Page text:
How To: Repairing watch hands

If you repair watches, you know the feeling of your heart sinking when removing a chronograph sub-hand and the tube stays on the runner, and the hand comes off without the tube.

Once the dial is off, you can carefully remove the stuck tube with the hand remover, and with a bit of luck, it doesn’t fly 10 yards through the workshop. Continue reading

HowTo: Replace a balance staff

IMG_7865I normally don’t do this (e.g. just replacing a balance staff without fitting it into the movement), but Thom asked nicely, so I took on the job. If he would have lived in the UK, I would have invited him to do it himself in my workshop, but Sweden is a bit far …

I used to turn the old balance staff out on the lathe, but I never liked the process, as it’s so easy to get the graver into the balance…
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Buying used vintage watches on eBay

IMG_1666Most of my readers will have bought watches on eBay in the past, and will have had good and bad experiences. The bad ones tend to be very bad indeed, as there are quite a few sellers out there that do not describe what they sell properly.

This watch was bought by my client Stephen from eBay seller tempus.fugit.2012

On first sight, a nice looking Constellation with a stainless steel case and original bracelet. Let’s have a second look… Continue reading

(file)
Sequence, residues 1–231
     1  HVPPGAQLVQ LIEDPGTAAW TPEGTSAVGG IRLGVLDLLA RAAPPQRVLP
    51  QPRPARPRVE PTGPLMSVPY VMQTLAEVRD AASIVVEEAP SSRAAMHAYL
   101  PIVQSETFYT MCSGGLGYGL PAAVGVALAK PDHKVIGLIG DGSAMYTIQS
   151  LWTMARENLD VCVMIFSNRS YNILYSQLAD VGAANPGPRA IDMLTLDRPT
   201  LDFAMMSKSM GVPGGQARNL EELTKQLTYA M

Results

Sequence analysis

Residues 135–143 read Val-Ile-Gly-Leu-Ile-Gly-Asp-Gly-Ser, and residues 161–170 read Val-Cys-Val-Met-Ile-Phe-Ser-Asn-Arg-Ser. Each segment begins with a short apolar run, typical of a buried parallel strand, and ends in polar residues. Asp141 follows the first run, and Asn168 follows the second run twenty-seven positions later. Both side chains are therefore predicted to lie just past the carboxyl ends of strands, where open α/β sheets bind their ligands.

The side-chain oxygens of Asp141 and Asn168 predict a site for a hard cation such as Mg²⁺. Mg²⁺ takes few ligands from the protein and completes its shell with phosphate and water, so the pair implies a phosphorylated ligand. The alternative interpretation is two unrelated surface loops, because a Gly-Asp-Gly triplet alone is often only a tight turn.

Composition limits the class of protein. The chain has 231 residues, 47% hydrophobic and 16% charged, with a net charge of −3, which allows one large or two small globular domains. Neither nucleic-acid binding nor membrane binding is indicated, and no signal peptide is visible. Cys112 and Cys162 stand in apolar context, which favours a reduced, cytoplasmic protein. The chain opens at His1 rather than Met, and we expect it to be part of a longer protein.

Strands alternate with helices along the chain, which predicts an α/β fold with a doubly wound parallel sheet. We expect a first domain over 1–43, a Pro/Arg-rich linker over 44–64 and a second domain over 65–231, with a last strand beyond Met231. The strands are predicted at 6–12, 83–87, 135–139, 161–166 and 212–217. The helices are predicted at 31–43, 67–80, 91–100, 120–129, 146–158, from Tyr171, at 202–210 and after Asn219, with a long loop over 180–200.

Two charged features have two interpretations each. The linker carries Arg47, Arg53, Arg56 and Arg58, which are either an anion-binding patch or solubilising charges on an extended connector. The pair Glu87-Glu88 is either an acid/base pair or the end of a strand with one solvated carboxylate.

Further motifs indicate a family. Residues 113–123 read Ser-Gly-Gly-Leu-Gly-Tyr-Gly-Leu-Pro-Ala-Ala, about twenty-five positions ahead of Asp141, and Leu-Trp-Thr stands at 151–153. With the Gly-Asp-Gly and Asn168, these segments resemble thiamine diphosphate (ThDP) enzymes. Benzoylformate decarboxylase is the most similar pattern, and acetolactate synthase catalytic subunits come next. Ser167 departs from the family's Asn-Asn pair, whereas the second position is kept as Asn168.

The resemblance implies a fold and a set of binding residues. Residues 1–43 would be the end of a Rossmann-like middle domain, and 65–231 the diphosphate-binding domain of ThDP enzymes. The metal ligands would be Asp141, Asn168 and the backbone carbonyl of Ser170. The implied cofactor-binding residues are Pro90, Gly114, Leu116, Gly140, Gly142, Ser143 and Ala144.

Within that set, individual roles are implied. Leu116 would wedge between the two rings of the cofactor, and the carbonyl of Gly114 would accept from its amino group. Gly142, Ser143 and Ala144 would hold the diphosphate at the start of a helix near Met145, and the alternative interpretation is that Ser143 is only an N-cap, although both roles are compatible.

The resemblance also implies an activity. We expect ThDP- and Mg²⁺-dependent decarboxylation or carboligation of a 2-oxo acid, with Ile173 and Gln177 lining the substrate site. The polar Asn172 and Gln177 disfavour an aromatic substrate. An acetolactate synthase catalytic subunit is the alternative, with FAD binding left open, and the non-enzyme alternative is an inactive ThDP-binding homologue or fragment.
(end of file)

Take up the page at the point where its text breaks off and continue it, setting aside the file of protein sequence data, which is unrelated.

Guest Post – Repair: Junghans cal 693 (J93s1) by Sean

DSC01502After seeing Christian service a Junghans ‘Max Bill’ in a previous post, I decided I loved the clean dial, and to see if I could get my own. I found this poorly watch in a job lot for £10, and although it’s battered, the dial is in great condition (with the little bauhaus 4 :-)), and it runs. That’s a good start! Continue reading

Video: Putting together an ST2130 (ETA2824-2 clone)

It’s been a while since I’ve put up a video, and I always wanted to do one of me putting together a watch movement. A bit tricky, as you are of course more nervous with the camera running, and because I can’t use the microscope whilst filming (as you wouldn’t be able to see anything), so I have to do all the things I usually do under the microscope just with the optivisor.

Nevertheless, here we go:

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